“Homosexual Relationships Do Not Benefit American Society”

I will admit that I am somewhat surprised by the rather muted response from the Religious Right to the hearing held yesterday on the “Uniting American Families Act“:

Senator Patrick J. Leahy, the Democrat from Vermont who is the powerful chairman of the Judiciary Committee, is adding another controversial ingredient to the volatile mix of an immigration debate that President Obama has said he hopes to spur in Congress before the end of the year.

Mr. Leahy has offered a bill that would allow American citizens and legal immigrants to seek residency in the United States for their same-sex partners, just as spouses now petition for foreign-born husbands and wives … Senator Leahy said the bill would eliminate discrimination in immigration law against gay and lesbian couples.

Under family unification provisions in immigration law, American citizens and legal residents can petition for residency for their spouses. There is no numerical limit on permanent residence visas, known as green cards, for spouses of American citizens, and this is one of the main channels for legal immigration to the United States. Same-sex couples, though, cannot petition for partners, and many face the prospect of an immigrant partner’s deportation.

Senator Leahy’s bill would add the term “permanent partner” to sections of current immigration law that refer to married couples, and would provide a legal definition of those terms.

“I just think it’s a matter of fairness,” he said Tuesday in an interview, noting that a number of American allies, including Canada, France and Germany, recognize same-sex couples in immigration law.

Last year, when Peter Sprigg of the Family Research Council was asked about this legislation, he made it clear why they opposed it:

We oppose this bill because it is, although it may be at the margins, part of an assault on the definition of family … I would much prefer to export homosexuals from the United States than to import them into the United States because we believe homosexuality is destructive to society.

Sprigg eventually apologized for his remarks … and maybe that has something to do with the Right’s rather muted opposition this time around. 

But when I say “muted,”  I mean only by typical right-wing standards.  I fully expected this issue to become a full-blown right-wing “controversy” with each group trying to out-outrage one another and warn in increasingly charged language how its passage would lead to the downfall of the United States.

That has not happened … yet. But that doesn’t mean that right-wing groups aren’t trotting out all the same old tired and offensive claims in opposing this legislation.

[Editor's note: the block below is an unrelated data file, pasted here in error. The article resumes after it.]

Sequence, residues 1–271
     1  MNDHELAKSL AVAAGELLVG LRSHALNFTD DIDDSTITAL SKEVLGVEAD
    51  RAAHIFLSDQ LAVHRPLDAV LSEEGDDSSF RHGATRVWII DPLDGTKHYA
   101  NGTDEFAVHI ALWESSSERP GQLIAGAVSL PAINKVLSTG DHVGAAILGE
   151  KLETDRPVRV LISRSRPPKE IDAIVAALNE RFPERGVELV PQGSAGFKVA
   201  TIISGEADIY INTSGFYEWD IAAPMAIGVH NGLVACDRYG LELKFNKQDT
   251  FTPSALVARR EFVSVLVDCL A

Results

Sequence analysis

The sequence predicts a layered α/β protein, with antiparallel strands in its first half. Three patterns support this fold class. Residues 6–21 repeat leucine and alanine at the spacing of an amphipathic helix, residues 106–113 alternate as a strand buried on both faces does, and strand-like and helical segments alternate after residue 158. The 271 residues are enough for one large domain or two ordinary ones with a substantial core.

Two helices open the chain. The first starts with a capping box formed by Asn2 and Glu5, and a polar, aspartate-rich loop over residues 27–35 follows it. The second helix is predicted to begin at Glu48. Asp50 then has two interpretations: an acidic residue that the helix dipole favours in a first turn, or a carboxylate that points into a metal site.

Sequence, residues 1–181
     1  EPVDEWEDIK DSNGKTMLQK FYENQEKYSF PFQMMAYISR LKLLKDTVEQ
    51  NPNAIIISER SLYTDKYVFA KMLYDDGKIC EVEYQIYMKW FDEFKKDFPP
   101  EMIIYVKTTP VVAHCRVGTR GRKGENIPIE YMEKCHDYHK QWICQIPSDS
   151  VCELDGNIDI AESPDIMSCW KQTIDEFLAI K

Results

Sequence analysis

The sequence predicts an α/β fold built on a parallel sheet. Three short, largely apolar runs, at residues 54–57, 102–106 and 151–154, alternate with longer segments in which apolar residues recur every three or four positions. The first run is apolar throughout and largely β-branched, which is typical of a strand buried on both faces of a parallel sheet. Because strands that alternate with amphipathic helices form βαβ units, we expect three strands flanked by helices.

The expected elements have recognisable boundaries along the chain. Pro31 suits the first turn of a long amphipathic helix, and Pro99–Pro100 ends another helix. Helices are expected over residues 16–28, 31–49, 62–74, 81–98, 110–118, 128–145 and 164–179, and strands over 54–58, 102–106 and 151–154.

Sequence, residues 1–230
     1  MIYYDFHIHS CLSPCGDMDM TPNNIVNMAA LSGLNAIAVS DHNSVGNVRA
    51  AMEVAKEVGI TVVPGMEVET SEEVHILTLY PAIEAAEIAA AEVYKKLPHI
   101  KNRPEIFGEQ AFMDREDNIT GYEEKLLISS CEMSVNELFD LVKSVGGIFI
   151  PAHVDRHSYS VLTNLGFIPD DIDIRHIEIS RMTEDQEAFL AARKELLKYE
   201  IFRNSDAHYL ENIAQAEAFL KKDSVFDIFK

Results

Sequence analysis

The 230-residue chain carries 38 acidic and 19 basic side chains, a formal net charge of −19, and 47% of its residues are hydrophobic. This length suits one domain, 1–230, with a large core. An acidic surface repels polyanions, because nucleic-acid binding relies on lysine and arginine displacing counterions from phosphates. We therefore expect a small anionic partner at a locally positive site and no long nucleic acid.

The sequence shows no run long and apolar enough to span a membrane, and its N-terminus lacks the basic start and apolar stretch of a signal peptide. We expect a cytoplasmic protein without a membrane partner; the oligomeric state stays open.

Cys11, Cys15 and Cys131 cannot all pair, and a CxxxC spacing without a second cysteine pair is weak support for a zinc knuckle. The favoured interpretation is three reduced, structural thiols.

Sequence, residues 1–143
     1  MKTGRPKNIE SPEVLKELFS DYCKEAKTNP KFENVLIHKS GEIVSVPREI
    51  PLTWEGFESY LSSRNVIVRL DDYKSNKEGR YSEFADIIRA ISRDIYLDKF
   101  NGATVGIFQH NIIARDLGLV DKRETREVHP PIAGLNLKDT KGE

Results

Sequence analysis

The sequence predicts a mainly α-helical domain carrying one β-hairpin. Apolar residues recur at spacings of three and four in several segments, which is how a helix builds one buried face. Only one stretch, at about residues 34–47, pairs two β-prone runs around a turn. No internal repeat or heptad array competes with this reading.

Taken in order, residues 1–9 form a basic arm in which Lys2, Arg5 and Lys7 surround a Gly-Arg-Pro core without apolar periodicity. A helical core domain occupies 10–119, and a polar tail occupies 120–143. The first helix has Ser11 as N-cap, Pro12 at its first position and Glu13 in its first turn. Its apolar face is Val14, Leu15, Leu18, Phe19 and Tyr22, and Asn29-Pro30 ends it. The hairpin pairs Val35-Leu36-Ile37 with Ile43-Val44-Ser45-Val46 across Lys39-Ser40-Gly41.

From a letter [PDF] sent to the US Senate by Focus on the Family:

This bill will create opportunities for abuse and fraud of United States immigration laws but more importantly, S. 424 is a fatal step toward the purposeful undermining of marriage, this country’s most pro-child institution.

Supporters of S. 424 seek to use Congress to gain legal recognition for a lifestyle in the name of “equality.” But the institution of marriage is not a legal vehicle for equality; it is a social institution with children at its heart. If passed, S. 424 will be much more than a minor tweak to federal law, it will be a large step toward the redefinition of vital family policy with inestimable consequences for our children.

We urge you to uphold the institution of marriage and reject the redefinition of “family” to grant special immigrant visas for same-sex couples.

From a letter [PDF] sent to the Judiciary Committee by the Family Research Council, whose opposition seems to be rooted in the belief that “homosexual relationships do not benefit American society,” suggestions that gay partners would bring STDs into the country, and the absurd claim that this legislation would somehow discriminate against married couples:

Regardless of whatever personal benefits homosexual partners may believe that they derive from their relationship, they simply do not provide benefits to society that are at all comparable to the benefits provided by marriage between one man and one woman, and there is therefore no reason why society should privilege such relationships over ones which are merely close friendships without a sexual component.

Apart from family relationships, which do not exist in this circumstance, preference in American immigration law has historically been given to persons who have skills of particular value to the American economy or society. Again, engaging in homosexual relationships does not provide such value. On the contrary, homosexual conduct is associated with numerous problems which would burden society, most notable among them the high rates of sexually transmitted diseases among homosexual men.

While S. 424 says that its purpose is “to eliminate discrimination in the immigration laws,” it actually introduces whole new areas of discrimination into those laws. Because, as noted above, entering and exiting a “permanent partnership” is much easier than entering and exiting a legal marriage, the bill actually introduces discrimination against those who are legally married, because they face higher hurdles for entry into a relationship that can derive benefit from the law than “permanent partners” do.

In fact, the bill can also be said to introduce discrimination on the basis of sexual orientation, as well—discrimination in favor of homosexuals, that is, because only homosexual couples (those “unable to contract with that other individual a marriage cognizable under this Act”) are able to reap its benefits, thus placing both married heterosexuals and heterosexuals in their own “permanent partnership” at a disadvantage.